Future Stars Series 2023 MLB Draft Profile: Luke McNeillie

March 17, 2022

Big things are ahead for Luke McNeillie.

The right-handed pitcher has been a quick riser through the ranks of the 2023 grad class, and has emerged as a must-watch name in advance of that year’s MLB Draft.

McNeillie is, of course, a veteran of New Balance Baseball Future Stars Series events; we first saw him break onto the scene at the 2020 Underclass Combine and then at last year’s Main Event at Citi Field, an invite he earned off of a strong showing at the Atlanta regional event earlier that summer.  While he’s since made an appearance at the Georgia Bombers scout day this past January, where he unquestionably one of the standout arms there, his last impression for most on a national scale is likely his outing at Citi Field.

That’s certainly not a bad thing — he struck out two batters in two innings of work at the home of the New York Mets — however, for those who haven’t seen him since September, the improvements have been both gradual and noticeable.

“I think the big thing for me is I’ve put on a couple pounds,” McNeillie told FutureStarsSeries.com in a Zoom conversation.

“That’s always been the big thing for me, just gaining weight and getting stronger.  I move pretty well, so the big thing has been the weight room and more (focusing) on the mental side of the game too.  But I’ve always talked to ‘Mags,’ (Johnny Magliozzi) my pitching coach, about it, but it was time to start taking it as serious as I could.  I was taking it as serious as I could, but it was time to actually focus on it and try to be the best I can.”

McNeillie says he’s noticed that his delivery has become smoother since bulking up a bit, and things have come easier for him on the mound in general.  He’s also seen gains in velocity — McNeillie says he reached 94 MPH right at the beginning of March — and said he’s not surprised that things have started to come together for him given the work he’s been putting in.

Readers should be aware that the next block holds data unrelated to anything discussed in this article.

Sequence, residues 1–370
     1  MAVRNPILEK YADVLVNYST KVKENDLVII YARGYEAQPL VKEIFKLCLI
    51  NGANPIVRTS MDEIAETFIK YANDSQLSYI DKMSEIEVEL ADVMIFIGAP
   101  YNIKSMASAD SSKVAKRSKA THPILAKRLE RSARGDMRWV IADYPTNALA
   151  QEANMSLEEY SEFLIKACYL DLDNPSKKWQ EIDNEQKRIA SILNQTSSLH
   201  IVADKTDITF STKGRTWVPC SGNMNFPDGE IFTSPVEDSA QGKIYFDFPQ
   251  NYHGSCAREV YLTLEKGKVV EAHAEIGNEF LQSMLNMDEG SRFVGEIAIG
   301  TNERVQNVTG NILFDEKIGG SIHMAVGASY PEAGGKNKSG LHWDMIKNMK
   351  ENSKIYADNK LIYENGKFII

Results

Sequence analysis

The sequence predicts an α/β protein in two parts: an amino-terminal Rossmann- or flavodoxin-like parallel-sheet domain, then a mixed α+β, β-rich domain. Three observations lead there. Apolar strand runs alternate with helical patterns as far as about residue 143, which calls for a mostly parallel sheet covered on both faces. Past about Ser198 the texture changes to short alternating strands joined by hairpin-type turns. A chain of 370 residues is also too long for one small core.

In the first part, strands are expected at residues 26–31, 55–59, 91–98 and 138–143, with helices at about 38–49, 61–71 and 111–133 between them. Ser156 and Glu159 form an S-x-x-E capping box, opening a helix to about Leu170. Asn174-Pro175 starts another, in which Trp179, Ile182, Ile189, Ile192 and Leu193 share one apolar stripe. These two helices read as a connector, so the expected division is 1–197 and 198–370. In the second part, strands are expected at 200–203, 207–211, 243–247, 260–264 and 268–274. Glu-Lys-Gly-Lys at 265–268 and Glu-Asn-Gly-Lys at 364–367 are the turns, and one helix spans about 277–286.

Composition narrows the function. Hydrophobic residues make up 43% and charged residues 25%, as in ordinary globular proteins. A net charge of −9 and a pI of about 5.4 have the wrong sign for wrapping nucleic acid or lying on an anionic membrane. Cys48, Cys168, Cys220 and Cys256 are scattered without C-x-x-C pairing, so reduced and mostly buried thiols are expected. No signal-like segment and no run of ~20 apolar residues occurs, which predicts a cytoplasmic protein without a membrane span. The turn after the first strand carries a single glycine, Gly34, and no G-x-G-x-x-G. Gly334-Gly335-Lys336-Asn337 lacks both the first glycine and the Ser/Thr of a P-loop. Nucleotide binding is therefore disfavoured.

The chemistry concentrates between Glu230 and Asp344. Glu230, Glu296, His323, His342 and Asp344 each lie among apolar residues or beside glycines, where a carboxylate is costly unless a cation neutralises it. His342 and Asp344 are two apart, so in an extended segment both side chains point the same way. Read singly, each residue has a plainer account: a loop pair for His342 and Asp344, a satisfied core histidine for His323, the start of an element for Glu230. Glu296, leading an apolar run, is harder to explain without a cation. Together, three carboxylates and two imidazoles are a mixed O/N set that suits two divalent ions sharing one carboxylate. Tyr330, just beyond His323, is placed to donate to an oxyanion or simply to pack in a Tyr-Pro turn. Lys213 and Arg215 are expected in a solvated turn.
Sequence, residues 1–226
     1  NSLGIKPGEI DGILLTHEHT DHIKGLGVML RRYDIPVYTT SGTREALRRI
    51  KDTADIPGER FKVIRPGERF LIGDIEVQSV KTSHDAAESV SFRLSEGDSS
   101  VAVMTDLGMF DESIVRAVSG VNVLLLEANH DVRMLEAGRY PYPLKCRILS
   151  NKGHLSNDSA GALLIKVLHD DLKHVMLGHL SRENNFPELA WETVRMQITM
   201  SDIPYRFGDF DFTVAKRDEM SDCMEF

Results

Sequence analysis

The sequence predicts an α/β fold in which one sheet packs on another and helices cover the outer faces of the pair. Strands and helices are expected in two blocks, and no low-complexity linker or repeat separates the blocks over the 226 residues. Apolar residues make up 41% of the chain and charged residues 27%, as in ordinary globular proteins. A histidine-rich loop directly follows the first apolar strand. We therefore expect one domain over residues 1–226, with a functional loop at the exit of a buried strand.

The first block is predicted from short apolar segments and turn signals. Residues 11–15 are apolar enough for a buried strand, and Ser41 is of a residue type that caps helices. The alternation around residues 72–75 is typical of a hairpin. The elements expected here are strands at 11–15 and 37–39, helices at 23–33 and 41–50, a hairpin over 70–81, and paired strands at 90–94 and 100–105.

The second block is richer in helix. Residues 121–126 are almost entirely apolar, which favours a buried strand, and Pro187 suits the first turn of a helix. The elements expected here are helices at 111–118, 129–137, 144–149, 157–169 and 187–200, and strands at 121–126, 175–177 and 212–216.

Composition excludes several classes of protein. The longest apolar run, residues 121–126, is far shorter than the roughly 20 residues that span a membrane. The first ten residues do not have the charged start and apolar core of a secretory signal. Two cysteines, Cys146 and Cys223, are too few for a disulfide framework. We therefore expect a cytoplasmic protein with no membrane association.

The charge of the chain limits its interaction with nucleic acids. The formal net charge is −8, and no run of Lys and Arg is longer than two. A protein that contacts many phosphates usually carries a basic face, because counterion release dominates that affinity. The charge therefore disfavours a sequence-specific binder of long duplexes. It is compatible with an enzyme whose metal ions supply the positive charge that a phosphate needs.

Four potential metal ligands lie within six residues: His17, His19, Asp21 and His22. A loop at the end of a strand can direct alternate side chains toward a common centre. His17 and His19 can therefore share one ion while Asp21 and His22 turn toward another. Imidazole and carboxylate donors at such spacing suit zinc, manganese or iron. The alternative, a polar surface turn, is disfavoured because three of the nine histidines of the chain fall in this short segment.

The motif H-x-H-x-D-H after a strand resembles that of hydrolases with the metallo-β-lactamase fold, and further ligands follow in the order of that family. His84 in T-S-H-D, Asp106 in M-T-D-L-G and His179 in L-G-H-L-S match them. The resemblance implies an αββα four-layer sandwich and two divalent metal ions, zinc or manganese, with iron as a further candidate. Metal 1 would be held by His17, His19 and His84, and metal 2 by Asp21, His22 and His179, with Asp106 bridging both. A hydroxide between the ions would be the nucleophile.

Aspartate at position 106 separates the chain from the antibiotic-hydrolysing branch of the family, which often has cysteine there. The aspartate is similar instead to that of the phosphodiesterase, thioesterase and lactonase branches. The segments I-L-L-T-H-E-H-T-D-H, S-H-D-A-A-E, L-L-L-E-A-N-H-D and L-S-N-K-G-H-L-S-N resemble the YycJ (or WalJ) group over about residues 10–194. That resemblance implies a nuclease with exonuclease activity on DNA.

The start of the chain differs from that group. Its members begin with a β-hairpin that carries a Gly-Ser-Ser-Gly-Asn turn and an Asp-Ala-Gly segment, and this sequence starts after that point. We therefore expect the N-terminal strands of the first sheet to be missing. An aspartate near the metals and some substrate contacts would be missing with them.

“The big thing was just my legs, that’s what I focused on, because that’s what I’d been struggling with mechanically too,” said McNeillie, who noted that’s helped with getting drive from his lower half in that delivery.

McNeillie has credited both Magliozzi and his new high school pitching coach, long-time big-leaguer Kris Medlen, for their help on the mental side of things, saying they’ve both helped him realize how dominant he can be in games.

While he wasn’t necessarily dominant at Citi Field — which is somewhat to be expected as one of only a handful of underclass invites last year — the flashes were certainly there of what’s surely to come.  It was, at minimum, an extremely valuable learning experience as McNeillie seems to be continuing on a path that will either take him to The University of Florida or as a selection in the 2023 MLB Draft.

“That was an experience that not a lot of kids get to have, and I’m definitely thankful for that,” McNeillie said.  “I’d say the biggest thing for me, honestly, was probably getting to see some kids from the Dominican and Puerto Rico, and realizing that there’s guys not just from the U.S. trying to get to where I want to be too.  I think that was an eye-opener for me.  But the experience, it was legit.  Sitting in the locker room was pretty cool.  That’s all something I hope to be doing one day, so it was good to get to see it before everything happens.”

While it wasn’t McNeillie’s first visit to the Big Apple, it was, obviously, his first time on the mound in Queens.  He made sure to take a moment to soak it all in, but before he actually set foot on the rubber, making sure that the moment never got too big.

“That first time walking out from the dugout was just kind of eye-opening to see how real it all is,” he said.

If all goes as planned, the big leagues will be a part of McNeillie’s future, it’s just a matter of when he chooses to take that path.  He announced his commitment to the Gators this past summer, and would be a key part of their rotation from the second he walks in the door.